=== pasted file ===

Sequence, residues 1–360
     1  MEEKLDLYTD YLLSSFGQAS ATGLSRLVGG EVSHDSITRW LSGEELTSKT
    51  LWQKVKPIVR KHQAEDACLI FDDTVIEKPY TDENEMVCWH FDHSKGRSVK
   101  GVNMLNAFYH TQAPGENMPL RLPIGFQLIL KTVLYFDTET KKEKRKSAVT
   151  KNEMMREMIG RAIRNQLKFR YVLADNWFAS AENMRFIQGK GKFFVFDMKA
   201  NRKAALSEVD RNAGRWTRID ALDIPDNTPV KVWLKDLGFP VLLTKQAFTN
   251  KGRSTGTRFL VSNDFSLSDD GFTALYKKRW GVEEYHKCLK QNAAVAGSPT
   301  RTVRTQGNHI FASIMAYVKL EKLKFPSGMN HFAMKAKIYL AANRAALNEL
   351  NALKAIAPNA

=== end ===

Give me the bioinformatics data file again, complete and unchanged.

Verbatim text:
Sequence, residues 1–360
     1  MEEKLDLYTD YLLSSFGQAS ATGLSRLVGG EVSHDSITRW LSGEELTSKT
    51  LWQKVKPIVR KHQAEDACLI FDDTVIEKPY TDENEMVCWH FDHSKGRSVK
   101  GVNMLNAFYH TQAPGENMPL RLPIGFQLIL KTVLYFDTET KKEKRKSAVT
   151  KNEMMREMIG RAIRNQLKFR YVLADNWFAS AENMRFIQGK GKFFVFDMKA
   201  NRKAALSEVD RNAGRWTRID ALDIPDNTPV KVWLKDLGFP VLLTKQAFTN
   251  KGRSTGTRFL VSNDFSLSDD GFTALYKKRW GVEEYHKCLK QNAAVAGSPT
   301  RTVRTQGNHI FASIMAYVKL EKLKFPSGMN HFAMKAKIYL AANRAALNEL
   351  NALKAIAPNA